Nothing beats the movie theater for its stunning picture and captivating sound, but it’s not always convenient to watch the latest blockbusters on the big screen. Fortunately, with an AV receiver, you can bring some of the movie theater experience right into your living room. The best models offer 8K video, Dolby Atmos and Wi-Fi music streaming, but with detailed specs and hardware, shopping for one can be a bit daunting. Luckily, CNET is here to help, and we’ve rounded up the best AV receivers you can buy right now.
If you split your time between watching TV and listening to music, there are several models that can do both well, including two excellent Onkyo receivers in the TX-NR6100 and TX-RZ50. The recently reviewed Sony STR-AN1000 is also a strong contender under $1,000, though it costs a bit more than the others.
So how do you know which is the best AV receiver for you? I tested the most popular models between $500 and $2000 to help you find the best AV receivers 2023 has to offer. One thing to keep in mind, though, is that some of these products may be back-ordered, so check back periodically.
What receiver should I buy?
If you’re spending under $1,000, there are four basic receivers to choose from—the Sony STR-AN1000, Yamaha RX-V6Aon Onkyo TX-NR6100 and the Denon AVR-960H. All offer excellent performance, so the short answer to which one to buy is the one that comes at the lowest price. Right now it’s either the Denon or the Onkyo, which sell for under $600 as I write this. I especially recommend Onkyo TX-NR6100 for its combination of excellent performance and connectivity. Onkyo offers easy setup, excellent usability, solid looks and useful features, including the best streaming package alongside Sony. As an added plus, Onkyo has never been prone to A 4K issue that plagued early versions of the Yamaha RX-V6A.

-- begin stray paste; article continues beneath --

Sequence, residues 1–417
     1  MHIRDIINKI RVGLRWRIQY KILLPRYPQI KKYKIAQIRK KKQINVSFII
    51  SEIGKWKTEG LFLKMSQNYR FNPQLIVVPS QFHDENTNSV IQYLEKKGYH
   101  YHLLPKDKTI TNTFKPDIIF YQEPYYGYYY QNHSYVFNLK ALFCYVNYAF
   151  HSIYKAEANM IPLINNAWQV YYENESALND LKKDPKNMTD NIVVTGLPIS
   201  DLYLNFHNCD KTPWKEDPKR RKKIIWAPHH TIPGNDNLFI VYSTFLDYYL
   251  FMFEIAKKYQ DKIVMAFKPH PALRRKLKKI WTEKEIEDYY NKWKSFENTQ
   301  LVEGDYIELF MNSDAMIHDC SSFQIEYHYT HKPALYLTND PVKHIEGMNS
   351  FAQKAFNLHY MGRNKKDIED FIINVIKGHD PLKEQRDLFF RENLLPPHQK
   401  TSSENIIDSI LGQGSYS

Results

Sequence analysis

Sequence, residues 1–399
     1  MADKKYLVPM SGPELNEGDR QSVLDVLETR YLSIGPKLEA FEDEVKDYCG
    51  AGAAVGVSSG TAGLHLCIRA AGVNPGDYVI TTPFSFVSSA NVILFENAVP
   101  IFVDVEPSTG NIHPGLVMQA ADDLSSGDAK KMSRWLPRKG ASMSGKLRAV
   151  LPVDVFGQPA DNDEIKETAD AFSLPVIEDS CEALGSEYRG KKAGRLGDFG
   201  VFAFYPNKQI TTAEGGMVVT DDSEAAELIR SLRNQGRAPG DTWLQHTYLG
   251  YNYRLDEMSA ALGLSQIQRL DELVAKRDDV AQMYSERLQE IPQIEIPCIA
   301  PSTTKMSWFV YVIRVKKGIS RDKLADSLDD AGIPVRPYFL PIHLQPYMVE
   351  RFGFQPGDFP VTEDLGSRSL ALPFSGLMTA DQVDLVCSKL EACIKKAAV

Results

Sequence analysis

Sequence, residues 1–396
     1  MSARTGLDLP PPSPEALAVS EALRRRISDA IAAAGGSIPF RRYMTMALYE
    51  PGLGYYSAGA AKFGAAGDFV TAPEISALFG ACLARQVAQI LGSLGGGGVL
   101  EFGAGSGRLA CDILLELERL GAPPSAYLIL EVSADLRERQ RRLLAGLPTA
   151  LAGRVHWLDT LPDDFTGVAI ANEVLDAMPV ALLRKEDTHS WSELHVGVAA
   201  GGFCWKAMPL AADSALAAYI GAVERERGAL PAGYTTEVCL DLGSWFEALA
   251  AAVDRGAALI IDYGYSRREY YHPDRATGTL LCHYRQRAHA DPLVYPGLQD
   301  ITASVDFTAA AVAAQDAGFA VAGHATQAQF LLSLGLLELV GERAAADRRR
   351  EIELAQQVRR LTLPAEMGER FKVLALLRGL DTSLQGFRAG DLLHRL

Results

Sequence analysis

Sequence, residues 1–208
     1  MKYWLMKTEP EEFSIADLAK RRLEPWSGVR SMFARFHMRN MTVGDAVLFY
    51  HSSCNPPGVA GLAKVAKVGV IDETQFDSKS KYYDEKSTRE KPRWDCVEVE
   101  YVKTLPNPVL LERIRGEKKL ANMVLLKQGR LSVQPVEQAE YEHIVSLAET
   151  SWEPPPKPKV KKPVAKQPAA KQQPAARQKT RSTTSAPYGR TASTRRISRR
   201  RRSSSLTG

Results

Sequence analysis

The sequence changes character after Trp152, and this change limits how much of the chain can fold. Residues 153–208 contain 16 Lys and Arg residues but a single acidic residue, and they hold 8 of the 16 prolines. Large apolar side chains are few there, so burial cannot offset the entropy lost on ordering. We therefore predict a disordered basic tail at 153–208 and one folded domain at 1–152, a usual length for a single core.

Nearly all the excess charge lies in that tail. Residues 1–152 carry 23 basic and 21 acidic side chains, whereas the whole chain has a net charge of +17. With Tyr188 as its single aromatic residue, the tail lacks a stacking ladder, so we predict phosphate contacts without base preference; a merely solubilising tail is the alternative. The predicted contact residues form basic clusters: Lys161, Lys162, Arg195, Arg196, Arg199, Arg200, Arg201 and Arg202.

Meanwhile, the upgraded Onkyo TX-RZ50 is an excellent receiver if you’re looking for the next level of features and performance improvement over sub-$1,000 models. It offers an excellent, if slightly intimidating, calibration routine from Dirac Live and the best number of streaming features on the market. It sounds great with both music and movies.
Finally, if you’re looking for a home theater thrill, the Yamaha RX-A4A offers clear, dynamic sound and fantastic build quality for $1,300 (street price $1,144).
How CNET tested
At CNET, I test audio equipment from compact soundbars to surround sound systems, but regardless of the device, my methodology is essentially the same. I always compare products to one or more reference devices that offer the best performance at a similar price.
When it comes to receivers, I want to see how well a system performs with music and movies, as most people will want to do both. I watch some test scenes from 4K Blu-ray or streamed from a 4K streaming service (Vudu, for example) and appreciate aspects like Dolby Atmos surround performance and dialogue clarity. I also use several test music tracks and appreciate streaming features like Bluetooth and Wi-Fi. Systems that can work well with both types of entertainment inevitably get the highest score.
Check out CNET receiver buying guide for more information on features and things to consider when looking for a new system.
Other AV receivers I’ve tested
- Denon AVR-S960H ($549, save $250): The Denon may not be as shiny and glitzy as the Yamaha RX-V6A, but it still offers excellent sound quality. The receiver is quiet, pairs well with front-firing speakers, and plays music beautifully. It’s not as good as the Yamaha RX-V6A or the Onkyo TX-NR6100, as it has neither the home theater options of the former nor the streaming options of the latter. It’s currently on sale, making it a great price. Read CNET’s review of the Denon AVR-S960H.